The Hidden Vitality of Human Beings

Morris, Newbold 1952-03-28

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Interview Participants
And now, This I Believe. Here is Edward R. Murrow.
This I Believe. Big cities sometimes too readily reflect the coldness and even cruelty of life in what we call modern civilization. But Newbold Morris is a New Yorker who equates population figures in terms of individual human beings, not just cold statistics. In fifteen years of civic service, ranging from welfare work to presidency of the city council, he has brought a warm, human, and personal touch to public responsibility. Whether he's involved in a political campaign, a lawsuit as a practicing attorney or his duties as a trustee of the New York Public Library, Newbold Morris displays a singular devotion to people. There the framework for the beliefs he now expresses.
What has been the most appealing part of the development of the American Dream? Well, to some of us, perhaps, the most dramatic phase of our development has been the ceaseless energy of the pioneers, the era of empire building, and, finally, the apotheosis of free enterprise, our industrial development. Others are thrilled by the capacity of the American people--normally peace loving and slow to anger--to organize in an all-out effort to resist threats to their freedom.
Yes, all of these things stir the imagination, but to me they are the outward and visible sign of an inward and spiritual vitality. Some of us came to this continent three centuries ago and take great pride in tradition. Others may have landed at the new international airport at Idlewild only yesterday. But nearly all of us came as fugitives from the tyrannies and hatreds of the old world.
international airport at Idlewild only yesterday. But nearly all of us came as fugitives from the tyrannies and hatreds of the old world.
I believe America has vitality because of a restless force we call "human endeavor." It is this endeavor which has resulted in the lifting of averages and the spreading of opportunities. It is based on the conviction that once an individual has a fair start, he or she can rise to great heights, regardless of circumstances of birth or racial origin. This is my conviction, and it is, in other words, a belief in the human spirit. It is those for who are strong to help the weak; for those who are sound in mind and body to help those afflicted; for those who live in the sunlight to dispel shadows wherever they lengthen.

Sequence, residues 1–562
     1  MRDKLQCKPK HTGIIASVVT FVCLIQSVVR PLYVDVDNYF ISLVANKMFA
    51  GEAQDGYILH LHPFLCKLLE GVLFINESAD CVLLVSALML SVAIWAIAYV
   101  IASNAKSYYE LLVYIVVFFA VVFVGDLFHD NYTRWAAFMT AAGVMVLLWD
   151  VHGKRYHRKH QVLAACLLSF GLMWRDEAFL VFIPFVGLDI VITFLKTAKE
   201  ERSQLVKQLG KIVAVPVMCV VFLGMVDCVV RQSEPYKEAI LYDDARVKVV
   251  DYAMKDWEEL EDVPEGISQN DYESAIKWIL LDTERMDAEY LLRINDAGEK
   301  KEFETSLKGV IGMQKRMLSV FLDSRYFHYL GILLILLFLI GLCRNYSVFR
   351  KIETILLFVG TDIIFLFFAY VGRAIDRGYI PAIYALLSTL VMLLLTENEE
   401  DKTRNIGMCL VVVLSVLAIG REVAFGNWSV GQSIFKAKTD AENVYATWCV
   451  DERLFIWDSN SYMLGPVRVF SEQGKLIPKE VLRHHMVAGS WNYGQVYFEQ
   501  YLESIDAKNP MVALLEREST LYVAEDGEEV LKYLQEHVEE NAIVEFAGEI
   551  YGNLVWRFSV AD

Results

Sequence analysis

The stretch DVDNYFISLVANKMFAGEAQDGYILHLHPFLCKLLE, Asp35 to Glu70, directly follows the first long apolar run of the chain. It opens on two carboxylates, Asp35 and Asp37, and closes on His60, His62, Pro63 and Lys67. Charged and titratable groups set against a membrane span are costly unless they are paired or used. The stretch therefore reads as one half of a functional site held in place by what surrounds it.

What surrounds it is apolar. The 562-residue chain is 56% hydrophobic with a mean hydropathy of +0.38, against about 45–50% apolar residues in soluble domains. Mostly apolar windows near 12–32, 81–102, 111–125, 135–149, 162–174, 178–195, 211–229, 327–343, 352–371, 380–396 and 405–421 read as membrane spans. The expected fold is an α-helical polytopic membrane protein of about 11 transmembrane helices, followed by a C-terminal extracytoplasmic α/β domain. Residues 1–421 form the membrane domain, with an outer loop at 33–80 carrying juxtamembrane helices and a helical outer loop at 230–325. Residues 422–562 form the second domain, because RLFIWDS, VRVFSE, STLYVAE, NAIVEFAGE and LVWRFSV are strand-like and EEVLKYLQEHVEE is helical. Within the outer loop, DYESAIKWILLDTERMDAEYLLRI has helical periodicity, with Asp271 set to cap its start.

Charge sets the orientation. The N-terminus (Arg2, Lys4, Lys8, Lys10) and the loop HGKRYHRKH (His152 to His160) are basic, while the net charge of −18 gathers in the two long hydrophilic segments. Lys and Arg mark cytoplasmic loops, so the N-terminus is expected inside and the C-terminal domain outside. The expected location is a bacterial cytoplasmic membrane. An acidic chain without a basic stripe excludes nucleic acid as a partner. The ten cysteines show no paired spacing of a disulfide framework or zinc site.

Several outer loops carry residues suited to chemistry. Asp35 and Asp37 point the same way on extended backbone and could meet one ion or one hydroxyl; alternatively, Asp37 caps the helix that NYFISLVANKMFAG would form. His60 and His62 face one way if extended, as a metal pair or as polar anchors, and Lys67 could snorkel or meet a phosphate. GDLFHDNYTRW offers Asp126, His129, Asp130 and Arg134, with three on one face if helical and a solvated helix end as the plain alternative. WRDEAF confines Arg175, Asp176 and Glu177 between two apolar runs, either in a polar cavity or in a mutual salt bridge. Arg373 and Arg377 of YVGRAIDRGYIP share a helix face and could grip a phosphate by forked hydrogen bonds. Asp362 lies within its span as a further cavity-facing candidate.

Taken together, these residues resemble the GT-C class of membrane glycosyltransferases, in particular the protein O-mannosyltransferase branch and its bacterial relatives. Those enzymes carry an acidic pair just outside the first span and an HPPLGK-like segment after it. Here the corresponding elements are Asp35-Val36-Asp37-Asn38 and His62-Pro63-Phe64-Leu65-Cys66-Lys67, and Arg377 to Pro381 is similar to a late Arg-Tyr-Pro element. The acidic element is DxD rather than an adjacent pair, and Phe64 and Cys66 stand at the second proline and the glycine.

To me, this is what life is all about. It is why I believe that when we decided upon a system of government-subsidized education, we passed an important milestone in our history; and that when we adopted public health programs to fight the ravages of disease, to reduce infant mortality, and even to afford prenatal care for expectant mothers, we were continuing along the road toward to the goals in which I believe.
I feel that we took another step towards a better world when we adopted Workman's Compensation laws, Unemployment Insurance, Social Security, and Aid to Dependent Children. And I believe that we were doing even more to realize these goals when, awakening to the
social evils of cheerless, unsanitary, unsafe tenements, we decided to tax ourselves in order to subsidize low-rent, public housing for persons of low income. I could not be true to my beliefs about my duty towards my fellow man if I did not work for these things. Some call our civilization a "Christian" civilization. Others call it "democracy". When it succeeds, it is a little bit of both; and when it really works, we need not have fear of threats to our freedom.
You have heard the creed of Newbold Morris, New York city lawyer and political leader, who believes among other things that in order to make democracy work, a citizen has to take an active, personal part in it.
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